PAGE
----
Thomas Webster (painter)

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Thomas Webster03.jpg

Thomas Webster RA (March 10, 1800 – September 23, 1886), was an English painter of genre scenes of school and village life, many of which became popular through prints. He lived for many years at the artists' colony at Cranbrook in Kent.

Life[edit]

In Sickness and Health (1843)

Webster was born in Ranelagh Street, Pimlico, London. His father was a member of the household of George III, and the son, having shown an aptitude for music, became a chorister, first at St George's Chapel in Windsor Castle, and then the Chapel Royal at St. James's Palace in London. He abandoned music for painting, however, and in 1821 was admitted as a student at the Royal Academy, exhibiting, in 1824, a portrait of "Mr Robinson and Family". In the following year he won first prize in the school of painting.

In 1825, also, Webster exhibited Rebels shooting a Prisoner, at the Suffolk Street Gallery - the first of a series of pictures of schoolboy life for which he subsequently became known. In 1828 he exhibited The Gunpowder Plot' at the Royal Academy, and in 1829 The Prisoner and A Foraging Party Aroused at the British Institution. These were followed by numerous other pictures of school and village life at both galleries. In 1840 Webster was elected an associate of the Royal Academy (ARA), and in 1846 a Royal Academician (RA). He continued to be a frequent exhibitor there until 1876, when he retired from the academy. He exhibited a self-portrait in 1878, and Released from School, his last picture, in 1879.

In 1856 Webster was photographed at the Photographic Institute in London by Robert Howlett, as part of a series of portraits of artists. The picture was among a group exhibited at the Art Treasures Exhibition in Manchester in 1857.[1]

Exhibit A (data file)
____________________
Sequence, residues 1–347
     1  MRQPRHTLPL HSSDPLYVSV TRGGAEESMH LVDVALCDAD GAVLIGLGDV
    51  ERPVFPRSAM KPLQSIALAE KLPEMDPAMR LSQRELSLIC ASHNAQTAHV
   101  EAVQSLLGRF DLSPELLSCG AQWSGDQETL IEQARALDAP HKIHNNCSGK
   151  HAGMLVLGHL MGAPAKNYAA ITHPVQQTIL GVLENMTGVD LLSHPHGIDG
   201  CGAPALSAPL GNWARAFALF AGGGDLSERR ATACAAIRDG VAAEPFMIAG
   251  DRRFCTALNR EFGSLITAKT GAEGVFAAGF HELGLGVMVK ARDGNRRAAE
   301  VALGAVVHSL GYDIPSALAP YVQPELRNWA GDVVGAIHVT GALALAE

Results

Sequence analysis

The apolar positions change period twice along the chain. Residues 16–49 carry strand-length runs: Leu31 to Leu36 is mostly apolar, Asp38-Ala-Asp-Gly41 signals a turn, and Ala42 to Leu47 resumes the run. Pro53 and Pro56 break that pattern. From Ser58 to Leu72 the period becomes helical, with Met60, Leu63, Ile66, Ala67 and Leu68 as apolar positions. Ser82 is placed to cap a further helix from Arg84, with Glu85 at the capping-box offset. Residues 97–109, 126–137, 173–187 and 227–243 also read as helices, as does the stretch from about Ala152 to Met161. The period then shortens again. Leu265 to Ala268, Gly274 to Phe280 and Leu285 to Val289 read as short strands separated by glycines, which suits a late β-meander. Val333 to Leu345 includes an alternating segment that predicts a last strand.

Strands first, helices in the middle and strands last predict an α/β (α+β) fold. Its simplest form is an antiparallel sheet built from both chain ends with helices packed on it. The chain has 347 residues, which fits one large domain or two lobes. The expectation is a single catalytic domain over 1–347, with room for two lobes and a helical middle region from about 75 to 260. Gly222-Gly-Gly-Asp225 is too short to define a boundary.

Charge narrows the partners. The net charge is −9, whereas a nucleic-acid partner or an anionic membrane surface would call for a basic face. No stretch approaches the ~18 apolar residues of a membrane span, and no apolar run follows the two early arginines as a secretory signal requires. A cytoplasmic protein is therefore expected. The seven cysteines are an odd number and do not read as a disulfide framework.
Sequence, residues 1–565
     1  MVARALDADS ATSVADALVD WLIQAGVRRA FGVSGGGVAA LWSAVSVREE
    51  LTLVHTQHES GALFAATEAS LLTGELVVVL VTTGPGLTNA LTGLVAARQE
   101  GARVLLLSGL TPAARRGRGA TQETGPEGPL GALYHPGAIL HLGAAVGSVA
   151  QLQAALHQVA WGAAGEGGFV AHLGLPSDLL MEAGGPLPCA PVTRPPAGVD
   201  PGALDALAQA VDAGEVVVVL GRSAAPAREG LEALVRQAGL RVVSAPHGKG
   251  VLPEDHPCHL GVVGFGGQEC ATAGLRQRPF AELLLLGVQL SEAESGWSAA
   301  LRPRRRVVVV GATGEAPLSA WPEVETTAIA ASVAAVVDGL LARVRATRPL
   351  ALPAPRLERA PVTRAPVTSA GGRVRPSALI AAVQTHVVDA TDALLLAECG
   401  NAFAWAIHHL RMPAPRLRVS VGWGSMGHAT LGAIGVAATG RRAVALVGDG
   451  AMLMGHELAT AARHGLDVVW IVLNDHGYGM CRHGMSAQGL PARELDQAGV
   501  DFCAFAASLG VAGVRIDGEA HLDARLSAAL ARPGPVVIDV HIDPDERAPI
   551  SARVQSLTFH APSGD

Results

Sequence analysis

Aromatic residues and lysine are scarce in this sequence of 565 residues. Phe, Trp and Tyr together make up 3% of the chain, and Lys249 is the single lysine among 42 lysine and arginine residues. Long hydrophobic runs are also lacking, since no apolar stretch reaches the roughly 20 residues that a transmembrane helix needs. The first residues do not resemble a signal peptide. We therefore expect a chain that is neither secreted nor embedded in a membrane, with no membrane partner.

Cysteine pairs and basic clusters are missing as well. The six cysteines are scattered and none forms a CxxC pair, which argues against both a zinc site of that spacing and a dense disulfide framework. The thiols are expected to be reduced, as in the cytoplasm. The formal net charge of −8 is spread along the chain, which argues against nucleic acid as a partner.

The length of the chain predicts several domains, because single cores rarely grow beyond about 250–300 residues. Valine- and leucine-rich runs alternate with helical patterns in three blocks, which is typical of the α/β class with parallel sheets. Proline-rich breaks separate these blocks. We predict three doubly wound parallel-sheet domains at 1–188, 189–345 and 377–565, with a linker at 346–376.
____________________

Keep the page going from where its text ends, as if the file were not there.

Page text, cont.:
From 1835 to 1856 Webster lived at The Mall, Kensington, but the last thirty years of his life were spent at the artists' colony in Cranbrook, Kent, where he died on 23 Sept. 1886.

Work[edit]

The Village Choir (c. 1847)

Webster became known for his genre paintings, often with children as subjects, depicting incidents from everyday life in a genial and humorous way. Many of these were exceedingly popular, particularly his Punch (1840) with which he procured associate membership of the Royal Academy.

In the limited range of subjects which he made his own, Webster was unrivalled. Some of his pictures - such as Please remember the Grotto, Snowballing and maybe The Swing - were issued as prints by Abraham Le Blond.[1] The Smile (1841), The Frown and The Boy with Many Friends, are among the numerous pictures which became well known by engravings. He also contributed work to volumes issued by the London-based Etching Club: The Deserted Village (1841), Songs of Shakespeare (1843), and Etch'd Thoughts (1844).

Webster was influential on the work of fellow Cranbrook artists George Bernard O'Neill and Frederick Daniel Hardy.

Notes[edit]

  1. ^ a b Thomas Webster biography ("Leighton Fine Art).

References[edit]

Attribution

External links[edit]